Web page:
We, too, believe that conditioning an innocent spouse's ability to recover insurance benefits on the manner in which title to damaged property is held makes little sense, and see no reason why we should follow an approach deemed outmoded and unnecessarily harsh by nearly every other jurisdiction in the United States. Community property laws exist to protect the innocent spouse from losing his or her rights due to the individual misdeeds of the other spouse. They should not be used as a weapon by an insurance company to reap a windfall where one spouse, acting alone, has violated the terms of the policy and the policy does not explicitly warn that this will be the outcome. A rule automatically precluding recovery for community property and joint tenancies, but permitting recovery when the subject property happens to be held separately, seems to bear no rational relationship to the expectations of the parties or the risks involved. We, therefore, agree with the modern majority that an innocent spouse's ability to recover should be based on the language of the policy rather than the type of property involved.
Here, the policy stated: “We do not provide coverage if you have intentionally concealed or misrepresented any material fact or circumstance relating to this insurance.” The same language was at issue in Atlas Assur. Co. of America v. Mistic, supra, 822 P.2d 897, where the court found that the policy did not clearly preclude recovery to an innocent insured if another co-insured wrongfully caused the loss. (Id. at p. 900; compare Amick v. State Farm Fire and Cas. Co. (8th Cir.1988) 862 F.2d 704, 706 and Reitzner v. State Farm Fire & Cas. Co. (Minn.App.1993) 510 N.W.2d 20, 24, italics added [where policy excluded coverage for intentional or fraudulent acts of “ ‘you or any other insured ’ ” policy was not ambiguous and prevented recovery by innocent spouse].)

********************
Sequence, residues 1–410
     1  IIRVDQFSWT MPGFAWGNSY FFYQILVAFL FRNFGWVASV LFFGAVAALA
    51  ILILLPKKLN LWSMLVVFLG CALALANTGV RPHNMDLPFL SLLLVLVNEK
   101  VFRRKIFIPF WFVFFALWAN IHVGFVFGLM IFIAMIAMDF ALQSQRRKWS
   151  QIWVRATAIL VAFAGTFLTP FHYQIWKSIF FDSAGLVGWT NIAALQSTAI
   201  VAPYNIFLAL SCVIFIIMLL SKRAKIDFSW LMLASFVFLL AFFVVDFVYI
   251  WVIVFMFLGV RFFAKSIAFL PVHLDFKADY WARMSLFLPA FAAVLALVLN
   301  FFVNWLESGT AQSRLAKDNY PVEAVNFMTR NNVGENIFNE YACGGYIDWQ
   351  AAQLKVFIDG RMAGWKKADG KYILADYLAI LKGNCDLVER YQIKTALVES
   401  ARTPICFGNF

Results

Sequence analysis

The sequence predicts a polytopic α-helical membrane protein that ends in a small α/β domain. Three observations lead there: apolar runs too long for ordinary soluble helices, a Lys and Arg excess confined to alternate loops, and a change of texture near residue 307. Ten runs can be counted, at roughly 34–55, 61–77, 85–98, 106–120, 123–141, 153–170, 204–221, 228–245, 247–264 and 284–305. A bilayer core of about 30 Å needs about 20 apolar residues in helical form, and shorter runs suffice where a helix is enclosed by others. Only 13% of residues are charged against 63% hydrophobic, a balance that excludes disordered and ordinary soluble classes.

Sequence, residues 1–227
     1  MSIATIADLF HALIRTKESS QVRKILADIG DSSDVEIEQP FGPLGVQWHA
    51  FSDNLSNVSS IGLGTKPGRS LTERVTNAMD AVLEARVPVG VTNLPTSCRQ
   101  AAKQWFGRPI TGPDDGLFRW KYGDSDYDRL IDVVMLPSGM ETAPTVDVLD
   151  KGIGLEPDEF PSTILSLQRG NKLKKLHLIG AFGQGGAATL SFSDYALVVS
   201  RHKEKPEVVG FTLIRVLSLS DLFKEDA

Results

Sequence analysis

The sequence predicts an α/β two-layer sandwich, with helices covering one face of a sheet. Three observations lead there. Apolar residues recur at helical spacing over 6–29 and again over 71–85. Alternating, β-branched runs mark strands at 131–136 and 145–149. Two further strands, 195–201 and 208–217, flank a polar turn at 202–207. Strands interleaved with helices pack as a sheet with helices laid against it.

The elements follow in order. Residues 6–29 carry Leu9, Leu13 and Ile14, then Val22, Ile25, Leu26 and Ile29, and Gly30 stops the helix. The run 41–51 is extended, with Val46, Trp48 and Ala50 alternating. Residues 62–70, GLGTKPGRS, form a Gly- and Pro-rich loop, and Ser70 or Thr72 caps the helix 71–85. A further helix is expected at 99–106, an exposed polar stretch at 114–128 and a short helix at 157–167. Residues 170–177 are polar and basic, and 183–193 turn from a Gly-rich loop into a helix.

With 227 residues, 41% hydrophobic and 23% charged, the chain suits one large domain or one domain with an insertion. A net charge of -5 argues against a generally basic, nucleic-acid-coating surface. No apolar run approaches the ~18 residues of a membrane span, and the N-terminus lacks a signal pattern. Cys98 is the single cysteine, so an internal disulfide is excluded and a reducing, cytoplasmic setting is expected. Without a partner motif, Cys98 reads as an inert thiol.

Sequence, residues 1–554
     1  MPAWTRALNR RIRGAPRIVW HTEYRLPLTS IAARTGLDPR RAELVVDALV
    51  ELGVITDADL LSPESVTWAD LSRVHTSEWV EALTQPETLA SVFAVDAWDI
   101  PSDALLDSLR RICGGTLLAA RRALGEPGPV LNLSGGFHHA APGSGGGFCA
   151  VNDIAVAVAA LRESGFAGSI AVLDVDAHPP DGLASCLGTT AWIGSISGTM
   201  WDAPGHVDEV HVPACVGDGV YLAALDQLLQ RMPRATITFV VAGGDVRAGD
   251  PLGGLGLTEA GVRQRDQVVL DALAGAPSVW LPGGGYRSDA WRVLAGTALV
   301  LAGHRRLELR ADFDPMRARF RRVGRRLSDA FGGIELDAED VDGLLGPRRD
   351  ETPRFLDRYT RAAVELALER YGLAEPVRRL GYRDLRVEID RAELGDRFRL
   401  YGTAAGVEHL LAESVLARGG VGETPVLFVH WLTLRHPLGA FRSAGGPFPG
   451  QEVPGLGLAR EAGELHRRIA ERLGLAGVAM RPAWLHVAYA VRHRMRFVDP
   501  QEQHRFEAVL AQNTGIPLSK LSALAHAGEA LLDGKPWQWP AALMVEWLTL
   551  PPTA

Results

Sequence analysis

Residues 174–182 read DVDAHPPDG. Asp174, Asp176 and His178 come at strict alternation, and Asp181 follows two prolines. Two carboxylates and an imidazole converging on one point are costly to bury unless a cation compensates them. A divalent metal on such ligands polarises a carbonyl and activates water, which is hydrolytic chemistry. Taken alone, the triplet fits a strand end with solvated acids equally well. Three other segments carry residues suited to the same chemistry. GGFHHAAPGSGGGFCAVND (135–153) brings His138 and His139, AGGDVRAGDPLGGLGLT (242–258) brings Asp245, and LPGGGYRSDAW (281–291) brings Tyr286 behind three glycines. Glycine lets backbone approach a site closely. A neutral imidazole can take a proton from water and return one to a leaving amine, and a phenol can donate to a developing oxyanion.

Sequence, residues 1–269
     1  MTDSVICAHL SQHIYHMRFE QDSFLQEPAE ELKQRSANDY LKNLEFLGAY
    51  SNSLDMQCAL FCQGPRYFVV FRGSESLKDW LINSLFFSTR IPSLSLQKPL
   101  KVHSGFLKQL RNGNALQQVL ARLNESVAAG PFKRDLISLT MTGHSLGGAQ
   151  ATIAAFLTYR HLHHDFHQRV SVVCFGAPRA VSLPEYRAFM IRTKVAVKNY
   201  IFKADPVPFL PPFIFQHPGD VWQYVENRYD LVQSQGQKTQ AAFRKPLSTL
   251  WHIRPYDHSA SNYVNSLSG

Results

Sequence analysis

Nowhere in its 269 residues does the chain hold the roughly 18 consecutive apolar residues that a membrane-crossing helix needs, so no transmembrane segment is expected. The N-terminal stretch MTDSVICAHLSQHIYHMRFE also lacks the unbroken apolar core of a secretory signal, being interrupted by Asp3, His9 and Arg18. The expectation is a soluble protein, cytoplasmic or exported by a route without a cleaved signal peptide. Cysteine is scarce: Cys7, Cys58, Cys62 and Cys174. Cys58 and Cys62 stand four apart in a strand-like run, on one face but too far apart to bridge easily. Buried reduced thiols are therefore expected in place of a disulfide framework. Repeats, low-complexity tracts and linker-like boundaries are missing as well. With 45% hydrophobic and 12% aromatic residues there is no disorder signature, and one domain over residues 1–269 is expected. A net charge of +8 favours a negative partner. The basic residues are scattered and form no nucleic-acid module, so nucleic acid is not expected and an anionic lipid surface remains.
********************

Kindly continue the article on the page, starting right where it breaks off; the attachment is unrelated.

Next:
Moreover, as we have said, the language of the California standard form policy, which should be read into the policy, provides: “This entire policy shall be void if, whether before or after a loss, the insured has willfully concealed or misrepresented any material fact or circumstance concerning this insurance or the subject thereof, or the interest of the insured therein, or in case of any fraud or false swearing by the insured relating thereto.” (Ins.Code, § 2071, subd. (a).) As indicated above, identical language was reviewed by the courts in Hildebrand v. Holyoke Mut. Fire Ins. Co., supra, 386 A.2d 329, Morgan v. Cincinnati Ins. Co., supra, 411 Mich. 267, 307 N.W.2d 53, and Ryan v. MFA Mut. Ins. Co., supra, 610 S.W.2d at p. 440.13 Each of these courts concluded that the use of the term “the insured” means that the acts of each insured must be considered separately, and the penalty-loss of insurance benefits-applied only to the guilty insured who committed fraud or misrepresentation. We agree that since the language adopted by the Legislature for the standard form does not specifically state that the act of any insured will be attributed to all insureds, the intent is that coverage be severable and that an innocent co-insured be able to recover for his or her proportionate share of the damaged property.